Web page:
Boston’s steaming kettle is 150 years old


By Michael Perna Jr., Contributing Writer

Boston’s iconic steaming kettle, now 150 years old, graces the façade of a Starbucks coffee shop in Government Center.
Boston’s iconic steaming kettle, now 150 years old, graces the façade of a Starbucks coffee shop in Government Center.

BOSTON – December of 2023 was the 250th anniversary of the Boston Tea Party. Last year also marked the 150th anniversary of a related and iconic part of everyday life in the city―what is purportedly the world’s largest tea kettle. 

Promotional idea

The year was 1873. The Oriental Tea Company was looking for a way to promote its sales, so it came up with the idea of a giant copper tea pot, made by a company called Hicks and Badger, which was hung up over the business.  One source described the reason for the teapot being built was to easily advertise the company’s products to the large number of non-English speaking immigrants that called Boston home at the time.

In 1875, the company held a contest―tickets were sold to the public which allowed people to guess how many gallons of water the 300-pound teapot held. In addition, as a larger publicity stunt, they could guess how many men and boys the pot could hold. The correct answer to the first question turned out to be 275 gallons of water. Actually, the exact amount was 277 gallons, two quarts, one pint and three gills―a gill being a very old form of measurement for liquids. The amount was certified by the city’s Sealer of Weights and Measures―it took over an hour to find out exactly how much the kettle held. This information was then inscribed on one side of the pot.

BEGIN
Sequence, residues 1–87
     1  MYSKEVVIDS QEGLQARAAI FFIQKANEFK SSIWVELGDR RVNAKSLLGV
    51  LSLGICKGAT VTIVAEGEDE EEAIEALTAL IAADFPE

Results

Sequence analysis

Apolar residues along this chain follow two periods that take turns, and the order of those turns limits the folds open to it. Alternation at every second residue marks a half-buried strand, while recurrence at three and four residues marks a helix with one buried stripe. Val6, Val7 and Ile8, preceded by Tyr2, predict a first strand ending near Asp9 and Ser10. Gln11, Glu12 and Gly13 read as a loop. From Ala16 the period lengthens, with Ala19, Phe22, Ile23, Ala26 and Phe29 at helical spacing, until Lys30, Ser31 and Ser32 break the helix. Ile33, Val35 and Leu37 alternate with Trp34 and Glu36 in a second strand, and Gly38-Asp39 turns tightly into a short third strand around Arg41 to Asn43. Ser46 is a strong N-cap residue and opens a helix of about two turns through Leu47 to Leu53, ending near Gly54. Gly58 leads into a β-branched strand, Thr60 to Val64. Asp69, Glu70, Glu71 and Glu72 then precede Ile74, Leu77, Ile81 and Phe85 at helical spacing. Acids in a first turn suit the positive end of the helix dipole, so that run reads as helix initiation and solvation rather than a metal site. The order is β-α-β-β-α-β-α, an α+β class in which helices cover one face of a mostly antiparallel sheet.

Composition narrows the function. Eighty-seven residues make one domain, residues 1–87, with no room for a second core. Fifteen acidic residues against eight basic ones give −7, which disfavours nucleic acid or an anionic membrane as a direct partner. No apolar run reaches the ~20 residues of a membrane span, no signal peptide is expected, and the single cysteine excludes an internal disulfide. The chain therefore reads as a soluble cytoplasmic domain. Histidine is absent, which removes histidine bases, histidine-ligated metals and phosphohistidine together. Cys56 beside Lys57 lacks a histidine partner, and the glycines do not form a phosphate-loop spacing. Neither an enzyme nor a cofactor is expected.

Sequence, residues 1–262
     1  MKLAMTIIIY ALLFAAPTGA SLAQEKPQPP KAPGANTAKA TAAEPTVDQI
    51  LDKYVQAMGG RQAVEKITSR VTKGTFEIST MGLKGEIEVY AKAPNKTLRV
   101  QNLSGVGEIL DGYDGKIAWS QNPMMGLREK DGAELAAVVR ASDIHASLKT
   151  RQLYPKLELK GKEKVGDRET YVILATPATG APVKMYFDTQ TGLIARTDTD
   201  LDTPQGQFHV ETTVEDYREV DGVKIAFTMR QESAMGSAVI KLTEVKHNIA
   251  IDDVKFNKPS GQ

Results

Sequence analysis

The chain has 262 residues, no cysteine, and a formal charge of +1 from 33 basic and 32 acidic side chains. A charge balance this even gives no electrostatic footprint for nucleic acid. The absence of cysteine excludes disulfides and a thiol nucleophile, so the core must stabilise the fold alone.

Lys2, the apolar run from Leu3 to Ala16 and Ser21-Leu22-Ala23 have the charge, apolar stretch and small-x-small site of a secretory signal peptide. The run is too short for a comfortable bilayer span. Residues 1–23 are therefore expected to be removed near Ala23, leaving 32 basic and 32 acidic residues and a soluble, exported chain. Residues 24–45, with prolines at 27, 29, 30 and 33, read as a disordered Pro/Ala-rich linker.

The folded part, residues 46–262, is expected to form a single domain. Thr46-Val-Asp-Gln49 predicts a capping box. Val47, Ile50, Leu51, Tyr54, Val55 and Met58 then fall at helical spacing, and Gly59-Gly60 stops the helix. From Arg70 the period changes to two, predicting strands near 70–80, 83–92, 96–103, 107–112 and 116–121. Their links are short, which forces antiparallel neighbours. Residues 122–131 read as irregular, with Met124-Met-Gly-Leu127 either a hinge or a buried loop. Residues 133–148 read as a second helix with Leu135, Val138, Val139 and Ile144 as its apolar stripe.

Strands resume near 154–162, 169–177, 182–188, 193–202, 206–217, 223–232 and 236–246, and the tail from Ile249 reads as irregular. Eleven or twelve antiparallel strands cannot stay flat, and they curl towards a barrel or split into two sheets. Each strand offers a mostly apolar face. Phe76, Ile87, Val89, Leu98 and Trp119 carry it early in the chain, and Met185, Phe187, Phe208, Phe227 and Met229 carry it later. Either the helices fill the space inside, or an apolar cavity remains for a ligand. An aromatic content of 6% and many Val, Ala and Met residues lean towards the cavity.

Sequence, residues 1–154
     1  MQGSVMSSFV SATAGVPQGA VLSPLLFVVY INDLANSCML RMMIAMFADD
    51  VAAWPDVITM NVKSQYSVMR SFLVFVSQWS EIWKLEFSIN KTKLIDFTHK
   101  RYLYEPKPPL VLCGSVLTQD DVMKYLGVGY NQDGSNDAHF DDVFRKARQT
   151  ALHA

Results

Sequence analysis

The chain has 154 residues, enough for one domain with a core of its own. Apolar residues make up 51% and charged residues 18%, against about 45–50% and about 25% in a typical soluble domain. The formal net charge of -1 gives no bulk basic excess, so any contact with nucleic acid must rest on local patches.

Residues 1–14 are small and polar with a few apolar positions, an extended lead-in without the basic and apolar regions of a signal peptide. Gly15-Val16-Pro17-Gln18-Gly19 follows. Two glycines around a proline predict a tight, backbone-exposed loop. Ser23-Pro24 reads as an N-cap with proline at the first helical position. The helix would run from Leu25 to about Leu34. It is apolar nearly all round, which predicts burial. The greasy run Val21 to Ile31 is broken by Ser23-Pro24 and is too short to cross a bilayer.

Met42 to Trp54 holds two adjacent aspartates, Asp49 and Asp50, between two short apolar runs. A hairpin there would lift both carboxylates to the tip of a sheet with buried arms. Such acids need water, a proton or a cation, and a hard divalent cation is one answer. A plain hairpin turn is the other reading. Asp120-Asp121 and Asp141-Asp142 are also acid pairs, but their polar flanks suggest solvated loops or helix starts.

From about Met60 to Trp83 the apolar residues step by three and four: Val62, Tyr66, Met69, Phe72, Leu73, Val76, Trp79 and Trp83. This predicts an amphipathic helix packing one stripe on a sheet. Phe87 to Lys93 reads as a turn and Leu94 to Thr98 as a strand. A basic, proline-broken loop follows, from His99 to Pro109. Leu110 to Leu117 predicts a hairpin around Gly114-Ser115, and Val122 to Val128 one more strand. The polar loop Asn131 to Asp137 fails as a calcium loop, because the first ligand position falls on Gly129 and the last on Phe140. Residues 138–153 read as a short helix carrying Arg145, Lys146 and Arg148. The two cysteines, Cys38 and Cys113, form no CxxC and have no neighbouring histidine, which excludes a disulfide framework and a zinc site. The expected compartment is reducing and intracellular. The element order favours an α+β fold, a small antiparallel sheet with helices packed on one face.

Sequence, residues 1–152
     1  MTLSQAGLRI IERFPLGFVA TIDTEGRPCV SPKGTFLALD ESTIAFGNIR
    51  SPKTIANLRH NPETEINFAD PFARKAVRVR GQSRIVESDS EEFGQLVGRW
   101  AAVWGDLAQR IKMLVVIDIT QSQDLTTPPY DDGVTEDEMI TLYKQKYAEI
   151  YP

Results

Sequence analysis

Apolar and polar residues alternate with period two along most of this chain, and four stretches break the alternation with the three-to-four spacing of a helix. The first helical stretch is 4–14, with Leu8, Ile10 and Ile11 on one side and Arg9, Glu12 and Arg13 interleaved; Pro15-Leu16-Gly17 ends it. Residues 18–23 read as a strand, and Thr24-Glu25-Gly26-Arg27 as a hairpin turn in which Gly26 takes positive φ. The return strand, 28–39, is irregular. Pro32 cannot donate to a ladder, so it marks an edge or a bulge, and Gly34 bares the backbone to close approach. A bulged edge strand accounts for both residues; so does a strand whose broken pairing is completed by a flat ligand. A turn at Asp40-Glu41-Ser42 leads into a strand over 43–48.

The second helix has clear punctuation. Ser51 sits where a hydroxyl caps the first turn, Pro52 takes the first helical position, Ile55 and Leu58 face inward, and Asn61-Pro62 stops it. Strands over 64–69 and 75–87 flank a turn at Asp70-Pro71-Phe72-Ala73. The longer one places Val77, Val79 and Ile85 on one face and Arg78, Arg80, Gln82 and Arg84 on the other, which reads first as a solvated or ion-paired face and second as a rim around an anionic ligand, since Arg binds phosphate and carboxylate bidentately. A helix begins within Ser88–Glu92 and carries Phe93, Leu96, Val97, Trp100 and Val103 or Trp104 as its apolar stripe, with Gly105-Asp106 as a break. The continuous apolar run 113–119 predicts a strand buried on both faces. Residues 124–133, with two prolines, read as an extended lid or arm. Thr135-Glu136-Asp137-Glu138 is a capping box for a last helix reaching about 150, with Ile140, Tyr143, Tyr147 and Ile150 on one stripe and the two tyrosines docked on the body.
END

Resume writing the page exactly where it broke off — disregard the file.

The answer to the second question was one man and eight boys, who climbed out of the pot in front of a crowd, estimated by one source at ten thousand people, that had gathered for the event. It must be noted that the man and boys climbed out of the teapot before it was filled with the water used to measure its capacity.

Relocation during 20th century

Over the years, the Scollay Square neighborhood where the tea shop was located had declined badly, becoming known as a red-light district. In the mid-1960s, the area was redeveloped to make way for the Government Center complex. The Oriental Tea Shop, along with many other businesses, was evicted to make way for the new project. The tea kettle itself was moved to another spot nearby at 63-65 Court Street, which was named the Steaming Tea Kettle Coffee Shop. The business changed hands in 1988 and was renamed the Croissant Du Jour, then later became one of the locations of the locally-based Coffee Connection chain. In 1997, it became a Starbucks.

An enduring attraction

Kamamon Hiraki, a manager at the Starbucks that has the kettle, said that patrons are “Absolutely amazed by it.” He said that the kettle has a water system that allows it to steam consistently. The hissing clouds of steam constantly draw attention to the business from the large crowds of businesspeople, tourists and local residents who pass by daily.

“People come in all the time, look at the mural of the teapot in our entryway, then ask about whether we have any ‘merch’ (relating to the teapot) for sale,” explained Hiraki. “It is a pretty cool monument!”

The huge teapot is indeed a monument to Boston’s long and historic past, one that hopefully will continue to intrigue future generations for many years to come.



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